Created By: HersheleOstropolerSeptember 14, 2010 Last Edited By: hobbitguy1420August 22, 2011

Informed Locale

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Trope
Rolling Updates. Needs More Examples

If your story takes place in a specific, extant location, some local color is to be expected: the natives of the place should act like people who live there do; the ones who are visiting should react to the unfamiliarity.

But all that is complicated, particularly if it's a place you're not familiar with. Just start off with "It was a dark and stormy night in New York" and just like that, your tale is set in New York.

A type of Informed Attribute and a subtrope of They Just Didnt Care. Can result from California Doubling. Compare Hollywood Atlas, The Mountains Of Illinois; contrast No Communities Were Harmed. In extreme cases, can overlap with Creator Provincialism.

Examples:

  • A lot of sitcoms have a nominal setting they almost never actually show much (if any) of. Quick, where is Threes Company set? Santa Monica.
  • One book in the World Of Darkness game line, ostensibly set in New Orleans, mentions the city's subway system. Which it neither does nor feasibly can have.
  • Seinfeld and to a lesser extent Friends are said to take place in New York, and indeed Manhattan[[hottip:*:Cars are more useful in the outerboroughs, and the subway doesn't even go to Staten Island]], but frequently depict characters driving, and almost never show them riding the subway.
Community Feedback Replies: 24
  • July 28, 2010
    randomsurfer
    The suburb I live in (which I decline to mention right now) has been the nominal locale for three sitcoms that I know of, none of which bore any relation to this community. It was also the setting for a Cold Open on Supernatural which showed a view of the major city it's a suburb of that is absolutely impossible to see from here.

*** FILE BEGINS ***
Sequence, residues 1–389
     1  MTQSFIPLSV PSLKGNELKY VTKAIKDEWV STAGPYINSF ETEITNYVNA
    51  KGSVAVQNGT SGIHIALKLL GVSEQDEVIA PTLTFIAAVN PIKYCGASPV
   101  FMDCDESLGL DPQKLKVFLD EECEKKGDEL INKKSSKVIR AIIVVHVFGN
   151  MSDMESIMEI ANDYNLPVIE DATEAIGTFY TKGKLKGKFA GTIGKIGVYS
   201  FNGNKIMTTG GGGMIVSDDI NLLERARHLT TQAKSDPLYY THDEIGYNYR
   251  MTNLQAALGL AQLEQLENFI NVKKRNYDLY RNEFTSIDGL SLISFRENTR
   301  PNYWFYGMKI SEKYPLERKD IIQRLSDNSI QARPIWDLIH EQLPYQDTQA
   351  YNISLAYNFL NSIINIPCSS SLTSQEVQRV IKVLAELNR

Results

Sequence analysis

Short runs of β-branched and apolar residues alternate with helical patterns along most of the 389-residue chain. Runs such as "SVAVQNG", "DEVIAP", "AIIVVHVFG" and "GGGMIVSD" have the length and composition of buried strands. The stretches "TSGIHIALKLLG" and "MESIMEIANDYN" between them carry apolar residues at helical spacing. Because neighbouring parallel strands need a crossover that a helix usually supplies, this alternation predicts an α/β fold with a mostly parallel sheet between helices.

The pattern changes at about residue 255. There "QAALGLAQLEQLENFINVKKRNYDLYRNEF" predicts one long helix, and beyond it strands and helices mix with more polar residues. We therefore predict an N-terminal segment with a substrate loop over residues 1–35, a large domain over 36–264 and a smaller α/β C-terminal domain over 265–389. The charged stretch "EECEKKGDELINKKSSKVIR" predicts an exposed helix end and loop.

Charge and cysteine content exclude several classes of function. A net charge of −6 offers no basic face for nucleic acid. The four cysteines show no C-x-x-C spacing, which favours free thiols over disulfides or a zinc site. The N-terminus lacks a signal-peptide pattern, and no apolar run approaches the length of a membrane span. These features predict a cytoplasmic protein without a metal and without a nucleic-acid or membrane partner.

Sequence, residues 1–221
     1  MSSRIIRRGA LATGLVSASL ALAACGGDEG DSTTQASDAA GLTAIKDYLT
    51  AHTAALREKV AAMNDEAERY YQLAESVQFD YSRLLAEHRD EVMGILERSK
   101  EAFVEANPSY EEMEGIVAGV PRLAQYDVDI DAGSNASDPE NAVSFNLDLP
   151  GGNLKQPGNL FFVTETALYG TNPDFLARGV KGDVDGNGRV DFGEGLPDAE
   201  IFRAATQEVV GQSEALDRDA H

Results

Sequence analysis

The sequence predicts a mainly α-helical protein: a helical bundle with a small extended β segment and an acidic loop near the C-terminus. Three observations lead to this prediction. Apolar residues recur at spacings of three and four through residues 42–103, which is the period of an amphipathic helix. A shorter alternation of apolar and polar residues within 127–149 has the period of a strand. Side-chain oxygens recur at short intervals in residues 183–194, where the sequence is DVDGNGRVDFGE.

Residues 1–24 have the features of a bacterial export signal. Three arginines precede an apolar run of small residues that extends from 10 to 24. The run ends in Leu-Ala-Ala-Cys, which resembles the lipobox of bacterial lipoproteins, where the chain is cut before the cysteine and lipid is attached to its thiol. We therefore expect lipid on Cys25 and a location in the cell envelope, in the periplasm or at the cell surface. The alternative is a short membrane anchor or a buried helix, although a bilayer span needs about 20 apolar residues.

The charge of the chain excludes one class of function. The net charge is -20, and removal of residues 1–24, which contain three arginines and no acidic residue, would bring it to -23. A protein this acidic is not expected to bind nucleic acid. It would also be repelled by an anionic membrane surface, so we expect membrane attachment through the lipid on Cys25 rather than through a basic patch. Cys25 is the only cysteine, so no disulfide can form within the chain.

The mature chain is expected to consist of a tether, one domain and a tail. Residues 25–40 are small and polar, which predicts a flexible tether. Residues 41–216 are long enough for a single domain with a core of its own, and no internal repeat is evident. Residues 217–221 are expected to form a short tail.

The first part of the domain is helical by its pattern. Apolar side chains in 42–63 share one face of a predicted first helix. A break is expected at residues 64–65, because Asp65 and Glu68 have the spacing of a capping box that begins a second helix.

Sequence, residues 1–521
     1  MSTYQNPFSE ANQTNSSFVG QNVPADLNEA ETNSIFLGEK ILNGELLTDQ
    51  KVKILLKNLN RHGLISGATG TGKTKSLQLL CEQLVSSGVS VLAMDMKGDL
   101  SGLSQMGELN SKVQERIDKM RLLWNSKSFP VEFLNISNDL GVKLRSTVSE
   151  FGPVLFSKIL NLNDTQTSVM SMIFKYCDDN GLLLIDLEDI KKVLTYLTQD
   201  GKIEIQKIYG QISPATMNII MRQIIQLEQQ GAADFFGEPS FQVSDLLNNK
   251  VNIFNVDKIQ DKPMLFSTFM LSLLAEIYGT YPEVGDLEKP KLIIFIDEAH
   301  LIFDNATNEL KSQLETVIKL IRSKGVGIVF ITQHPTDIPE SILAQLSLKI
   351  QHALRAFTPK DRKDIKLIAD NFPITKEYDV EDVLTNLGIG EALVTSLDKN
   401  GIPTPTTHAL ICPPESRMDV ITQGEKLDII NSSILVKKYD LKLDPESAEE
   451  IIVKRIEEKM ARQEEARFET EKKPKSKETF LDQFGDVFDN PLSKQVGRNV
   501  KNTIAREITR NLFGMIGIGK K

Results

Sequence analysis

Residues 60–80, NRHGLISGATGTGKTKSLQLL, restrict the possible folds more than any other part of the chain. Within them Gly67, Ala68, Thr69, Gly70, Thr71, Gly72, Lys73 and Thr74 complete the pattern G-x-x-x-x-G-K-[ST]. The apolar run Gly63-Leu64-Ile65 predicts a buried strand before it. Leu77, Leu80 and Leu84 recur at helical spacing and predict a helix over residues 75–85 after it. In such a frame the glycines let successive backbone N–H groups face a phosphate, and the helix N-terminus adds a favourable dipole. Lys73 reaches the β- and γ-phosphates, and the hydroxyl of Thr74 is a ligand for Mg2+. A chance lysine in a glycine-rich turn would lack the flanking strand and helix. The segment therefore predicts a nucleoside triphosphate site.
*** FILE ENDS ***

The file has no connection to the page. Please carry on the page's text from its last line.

Would this cover misplaced radio/TV station call signs? Here's a hottip with 99% accuracy: US radio & TV stations east of the Mississippi River start with W (like WKRP In Cincinnati) and stations west of the Mississippi start with K. (There are a few which break this naming rule due to being grandfathered in, having been named before that rule was put in effect in the 1930s.) But virtually all shows set anywhere (except maybe New York City) which mention TV or radio call signs will give them K signs because Most Writers Live In LA.

    [Edited to take an extra "ssi" out of the second Mississippi. I wonder why I did that??]
  • July 28, 2010
    JakesBrain
    Very little about the state of Arizona as depicted in Raising Arizona is an accurate reflection of the state or its people, then (at the time of its release) or now. For one thing, only about five percent of the people who live here talk like the characters in that movie... Really, they could have said it was Texas and how much difference would it have made?
  • July 28, 2010
    randomsurfer
  • July 30, 2010
    Tannhaeuser
    But Raising Texas would have sounded like a movie about Jewish Government Finance.
  • July 30, 2010
    HersheleOstropoler
    I'm not seeing a whole lot of examples for this, should I wait a bit or just kill it?

    'Sa shame, I really thought there was something there.
  • July 30, 2010
    Tannhaeuser
    Give it a little more time. It's a trope that takes a bit of perceptiveness to pick up on.
  • July 30, 2010
    the grene kni3t
    I think this is an interesting idea for a trope page, although I can't think of any examples right now.

    The inversion mentioned would also be a good trope, if we don't already have it.